Countries without nuclear weapons tend to focus much attention on nuclear weapon states’ failure to achieve the disarmament that the Nuclear Non-Proliferation Treaty (NPT) requires them to pursue. Nuclear weapon states, meanwhile, focus on the fact that access to peaceful nuclear technology, which the treaty guarantees to all nations, carries with it the potential for weapons proliferation.
That such access might lead to proliferation is indeed a serious concern -- but one should bear in mind that when states have illicitly acquired nuclear weapons in the past, they have not relied on civilian nuclear power facilities to do so. North Korea and Israel used research reactors to develop their weapons capabilities. Pakistan also developed its weapons capability apart from the civilian fuel cycle, while the fissile materials for India's nuclear weapons are believed not to have been derived from power production reactors.
Still, some -- including Naeem Ahmad Salik in this Roundtable -- have proposed that multilateral arrangements be established to manage the nuclear fuel cycle. But these proposals suffer from serious flaws. First, multilateral arrangements for the fuel cycle may simply fail to address true proliferation risks -- as indicated above, past cases of proliferation have not grown out of the civilian use of nuclear energy. Second, uranium enrichment and plutonium reprocessing are not proscribed under the NPT. A non-nuclear weapon state does nothing illicit merely by possessing enrichment or reprocessing technologies or even by possessing weapons-grade nuclear material.
Therefore, if multilateral approaches to the fuel cycle are to be implemented, they must be structured so as not to infringe on any state’s right to reach its own decisions regarding the fuel cycle. And crucially, no supplier country should be able to hamper or interrupt for political reasons any nation’s peaceful nuclear undertakings.
Universally recognized. If it is true that multilateral arrangements for the fuel cycle cannot ultimately prevent proliferation, these arrangements’ primary function would seem to be enhancing the nonproliferation regime. But if that is the goal, better means to do so exist. For example, non-member states could be brought into the treaty as non-nuclear weapon states through the establishment of nuclear-weapon-free zones in the Middle East and South Asia, and on the Korean peninsula. Salik objects to this idea, saying that "Israel would be offered something in return for disarming -- recognition of its right to exist, security assurances -- [but] no such quid pro quo is in the offing where India and Pakistan are concerned." Such objections could be addressed if the treaties establishing nuclear-weapon-free zones were structured along the lines of Africa’s Treaty of Pelindaba. That treaty’s first and second protocols are designed to prevent the use or threat of use of nuclear weapons against signatories; that and other assurances included in the protocols would contribute meaningfully to security if applied in South Asia.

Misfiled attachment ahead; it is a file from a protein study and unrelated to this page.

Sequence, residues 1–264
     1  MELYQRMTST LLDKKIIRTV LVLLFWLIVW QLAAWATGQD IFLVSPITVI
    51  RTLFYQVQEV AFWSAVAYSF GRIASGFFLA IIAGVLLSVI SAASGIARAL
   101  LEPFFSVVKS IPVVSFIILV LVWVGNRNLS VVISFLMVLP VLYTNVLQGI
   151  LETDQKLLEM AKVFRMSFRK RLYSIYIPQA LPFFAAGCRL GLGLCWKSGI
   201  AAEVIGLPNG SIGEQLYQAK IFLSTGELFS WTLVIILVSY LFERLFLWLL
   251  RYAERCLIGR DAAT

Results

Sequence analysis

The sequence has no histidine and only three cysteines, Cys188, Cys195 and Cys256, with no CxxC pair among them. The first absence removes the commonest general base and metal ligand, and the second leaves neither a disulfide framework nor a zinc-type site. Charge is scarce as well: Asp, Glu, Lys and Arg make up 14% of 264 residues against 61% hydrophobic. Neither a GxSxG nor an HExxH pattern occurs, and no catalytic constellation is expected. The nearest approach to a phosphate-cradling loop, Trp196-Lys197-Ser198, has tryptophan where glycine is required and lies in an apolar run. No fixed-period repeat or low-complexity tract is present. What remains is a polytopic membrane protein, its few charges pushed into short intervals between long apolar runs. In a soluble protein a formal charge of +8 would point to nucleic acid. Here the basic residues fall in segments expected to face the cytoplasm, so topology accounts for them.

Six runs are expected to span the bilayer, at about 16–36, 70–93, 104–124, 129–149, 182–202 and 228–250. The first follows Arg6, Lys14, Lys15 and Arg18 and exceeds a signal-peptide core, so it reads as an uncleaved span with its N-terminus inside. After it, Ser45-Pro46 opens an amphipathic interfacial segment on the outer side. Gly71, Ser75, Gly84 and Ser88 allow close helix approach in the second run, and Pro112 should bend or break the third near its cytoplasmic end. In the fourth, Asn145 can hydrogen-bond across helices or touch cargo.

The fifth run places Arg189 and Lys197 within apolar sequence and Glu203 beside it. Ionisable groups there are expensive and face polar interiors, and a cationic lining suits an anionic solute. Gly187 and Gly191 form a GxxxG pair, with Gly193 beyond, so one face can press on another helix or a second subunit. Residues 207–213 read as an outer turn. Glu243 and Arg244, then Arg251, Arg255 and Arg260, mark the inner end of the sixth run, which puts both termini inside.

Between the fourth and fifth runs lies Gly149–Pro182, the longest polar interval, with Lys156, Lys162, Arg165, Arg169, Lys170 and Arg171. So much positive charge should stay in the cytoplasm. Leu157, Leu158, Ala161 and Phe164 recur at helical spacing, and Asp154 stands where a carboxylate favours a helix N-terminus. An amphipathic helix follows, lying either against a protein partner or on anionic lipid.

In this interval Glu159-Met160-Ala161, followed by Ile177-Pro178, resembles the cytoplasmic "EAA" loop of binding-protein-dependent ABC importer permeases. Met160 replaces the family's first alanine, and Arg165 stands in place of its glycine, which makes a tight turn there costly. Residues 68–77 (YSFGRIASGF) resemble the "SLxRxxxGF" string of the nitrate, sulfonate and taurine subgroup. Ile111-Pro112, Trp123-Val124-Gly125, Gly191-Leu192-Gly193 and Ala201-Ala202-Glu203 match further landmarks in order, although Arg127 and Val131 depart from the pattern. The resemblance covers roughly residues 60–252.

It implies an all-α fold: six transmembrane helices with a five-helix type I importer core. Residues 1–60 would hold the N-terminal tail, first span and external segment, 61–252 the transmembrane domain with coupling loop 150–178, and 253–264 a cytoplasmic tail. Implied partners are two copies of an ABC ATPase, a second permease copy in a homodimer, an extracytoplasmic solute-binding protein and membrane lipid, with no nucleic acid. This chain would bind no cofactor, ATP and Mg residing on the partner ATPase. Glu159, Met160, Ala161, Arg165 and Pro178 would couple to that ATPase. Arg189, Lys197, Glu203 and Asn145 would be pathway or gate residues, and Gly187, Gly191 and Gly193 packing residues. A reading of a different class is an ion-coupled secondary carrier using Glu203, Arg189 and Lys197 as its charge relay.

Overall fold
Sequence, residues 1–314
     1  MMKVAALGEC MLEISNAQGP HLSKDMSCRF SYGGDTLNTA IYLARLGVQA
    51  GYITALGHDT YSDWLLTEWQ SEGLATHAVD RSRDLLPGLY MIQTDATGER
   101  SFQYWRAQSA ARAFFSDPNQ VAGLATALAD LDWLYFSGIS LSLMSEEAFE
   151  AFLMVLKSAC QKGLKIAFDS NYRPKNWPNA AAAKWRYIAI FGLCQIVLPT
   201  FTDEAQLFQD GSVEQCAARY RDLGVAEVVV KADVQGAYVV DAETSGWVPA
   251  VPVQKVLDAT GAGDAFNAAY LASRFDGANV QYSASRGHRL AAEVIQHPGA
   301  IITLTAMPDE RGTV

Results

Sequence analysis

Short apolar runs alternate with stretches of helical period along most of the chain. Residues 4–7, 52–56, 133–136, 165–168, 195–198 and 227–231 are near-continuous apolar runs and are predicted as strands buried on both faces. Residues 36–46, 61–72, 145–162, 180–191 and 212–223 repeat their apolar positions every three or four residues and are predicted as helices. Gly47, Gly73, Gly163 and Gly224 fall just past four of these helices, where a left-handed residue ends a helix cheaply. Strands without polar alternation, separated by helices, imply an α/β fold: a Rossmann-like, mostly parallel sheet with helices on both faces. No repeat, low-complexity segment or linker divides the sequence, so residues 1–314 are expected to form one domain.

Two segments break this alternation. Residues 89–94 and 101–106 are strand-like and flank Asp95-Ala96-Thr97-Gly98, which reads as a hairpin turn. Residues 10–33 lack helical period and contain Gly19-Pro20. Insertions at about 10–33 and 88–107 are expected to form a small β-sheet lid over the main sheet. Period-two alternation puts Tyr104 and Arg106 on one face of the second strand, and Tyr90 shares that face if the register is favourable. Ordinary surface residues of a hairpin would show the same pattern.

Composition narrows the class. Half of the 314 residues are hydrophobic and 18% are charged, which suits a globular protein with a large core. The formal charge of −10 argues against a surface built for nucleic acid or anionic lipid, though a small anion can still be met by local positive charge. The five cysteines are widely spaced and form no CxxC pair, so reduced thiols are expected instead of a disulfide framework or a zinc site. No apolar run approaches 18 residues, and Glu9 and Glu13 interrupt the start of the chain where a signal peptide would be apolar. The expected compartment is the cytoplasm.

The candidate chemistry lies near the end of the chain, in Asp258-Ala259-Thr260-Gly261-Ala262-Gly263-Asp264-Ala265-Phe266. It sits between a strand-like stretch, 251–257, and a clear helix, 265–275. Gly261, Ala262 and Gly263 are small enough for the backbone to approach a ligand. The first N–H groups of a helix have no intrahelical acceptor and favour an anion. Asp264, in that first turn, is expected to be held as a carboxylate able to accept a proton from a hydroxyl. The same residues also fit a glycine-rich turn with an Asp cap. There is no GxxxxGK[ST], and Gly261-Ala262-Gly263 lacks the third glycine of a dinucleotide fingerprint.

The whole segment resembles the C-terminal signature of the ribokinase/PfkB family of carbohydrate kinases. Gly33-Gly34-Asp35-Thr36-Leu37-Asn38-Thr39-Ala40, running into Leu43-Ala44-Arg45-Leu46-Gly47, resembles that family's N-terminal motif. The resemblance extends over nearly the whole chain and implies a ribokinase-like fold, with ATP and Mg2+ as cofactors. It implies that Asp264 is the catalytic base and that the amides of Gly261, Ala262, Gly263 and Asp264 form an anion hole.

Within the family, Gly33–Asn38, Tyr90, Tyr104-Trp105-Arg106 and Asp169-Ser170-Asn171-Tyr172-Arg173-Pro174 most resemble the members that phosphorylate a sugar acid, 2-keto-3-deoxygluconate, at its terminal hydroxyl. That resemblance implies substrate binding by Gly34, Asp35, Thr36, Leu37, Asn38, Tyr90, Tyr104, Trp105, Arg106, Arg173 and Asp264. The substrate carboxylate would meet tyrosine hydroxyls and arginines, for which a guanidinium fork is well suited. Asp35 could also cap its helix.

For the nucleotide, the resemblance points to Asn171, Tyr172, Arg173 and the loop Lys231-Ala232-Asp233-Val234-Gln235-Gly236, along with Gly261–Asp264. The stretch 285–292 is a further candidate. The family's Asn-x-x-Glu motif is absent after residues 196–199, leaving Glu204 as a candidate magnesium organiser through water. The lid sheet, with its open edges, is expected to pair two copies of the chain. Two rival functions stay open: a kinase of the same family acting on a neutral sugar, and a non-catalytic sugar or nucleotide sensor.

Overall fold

Salik, however, proposes establishing an additional protocol to the NPT whereby India, Israel, and Pakistan would take on the obligations accepted by other nuclear weapon states in return for acceptance of their status as nuclear weapon states. My view is that such an approach would, first, run counter to the 2010 NPT Review Conference, which called on all states that are not parties to the treaty to accede as non-nuclear weapon states. Second, it would contradict the spirit of the treaty itself, which after all is intended to prevent the proliferation of nuclear weapons to states that do not have them, while achieving disarmament in the states that do have them. Third, it would weaken and could even bring about the end of the NPT regime. States outside the regime must be convinced that their entry into the treaty is the only hope of stopping further proliferation; their remaining outliers, or insisting on acceptance as nuclear weapon states, not only invites further proliferation but ultimately threatens the collapse of the treaty regime itself.
Among the most notable characteristics of today’s nonproliferation regime is that different levels of effort are expended toward nonproliferation and disarmament. Indeed, many non-nuclear weapon states are convinced that the only way to stop proliferation is to address disarmament and nonproliferation with equal vigor. When in 2000 the parties to the treaty committed themselves to an "unequivocal undertaking" to rid the world of nuclear weapons, their intent was to transform the NPT into a treaty truly focused on disarmament and nonproliferation. That transformation must now proceed.